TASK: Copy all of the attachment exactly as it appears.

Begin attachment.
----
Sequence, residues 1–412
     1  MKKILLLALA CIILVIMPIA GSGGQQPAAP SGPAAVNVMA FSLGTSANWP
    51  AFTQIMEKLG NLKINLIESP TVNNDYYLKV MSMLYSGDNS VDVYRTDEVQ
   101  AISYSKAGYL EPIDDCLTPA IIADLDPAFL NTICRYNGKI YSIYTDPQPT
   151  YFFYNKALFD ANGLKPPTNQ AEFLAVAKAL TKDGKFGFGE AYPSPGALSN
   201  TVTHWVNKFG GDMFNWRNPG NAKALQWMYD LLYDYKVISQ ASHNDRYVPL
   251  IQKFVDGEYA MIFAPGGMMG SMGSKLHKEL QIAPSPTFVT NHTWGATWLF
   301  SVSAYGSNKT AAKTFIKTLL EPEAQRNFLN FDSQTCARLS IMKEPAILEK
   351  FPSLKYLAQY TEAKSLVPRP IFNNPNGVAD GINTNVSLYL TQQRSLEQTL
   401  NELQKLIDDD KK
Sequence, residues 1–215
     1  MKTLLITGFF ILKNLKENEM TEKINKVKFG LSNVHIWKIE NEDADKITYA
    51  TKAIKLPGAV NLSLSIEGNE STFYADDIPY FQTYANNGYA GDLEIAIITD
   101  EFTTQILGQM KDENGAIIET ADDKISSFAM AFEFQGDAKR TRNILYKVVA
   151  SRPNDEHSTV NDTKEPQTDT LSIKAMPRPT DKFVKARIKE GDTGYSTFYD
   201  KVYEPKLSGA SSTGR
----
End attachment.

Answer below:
Sequence, residues 1–412
     1  MKKILLLALA CIILVIMPIA GSGGQQPAAP SGPAAVNVMA FSLGTSANWP
    51  AFTQIMEKLG NLKINLIESP TVNNDYYLKV MSMLYSGDNS VDVYRTDEVQ
   101  AISYSKAGYL EPIDDCLTPA IIADLDPAFL NTICRYNGKI YSIYTDPQPT
   151  YFFYNKALFD ANGLKPPTNQ AEFLAVAKAL TKDGKFGFGE AYPSPGALSN
   201  TVTHWVNKFG GDMFNWRNPG NAKALQWMYD LLYDYKVISQ ASHNDRYVPL
   251  IQKFVDGEYA MIFAPGGMMG SMGSKLHKEL QIAPSPTFVT NHTWGATWLF
   301  SVSAYGSNKT AAKTFIKTLL EPEAQRNFLN FDSQTCARLS IMKEPAILEK
   351  FPSLKYLAQY TEAKSLVPRP IFNNPNGVAD GINTNVSLYL TQQRSLEQTL
   401  NELQKLIDDD KK
Sequence, residues 1–215
     1  MKTLLITGFF ILKNLKENEM TEKINKVKFG LSNVHIWKIE NEDADKITYA
    51  TKAIKLPGAV NLSLSIEGNE STFYADDIPY FQTYANNGYA GDLEIAIITD
   101  EFTTQILGQM KDENGAIIET ADDKISSFAM AFEFQGDAKR TRNILYKVVA
   151  SRPNDEHSTV NDTKEPQTDT LSIKAMPRPT DKFVKARIKE GDTGYSTFYD
   201  KVYEPKLSGA SSTGR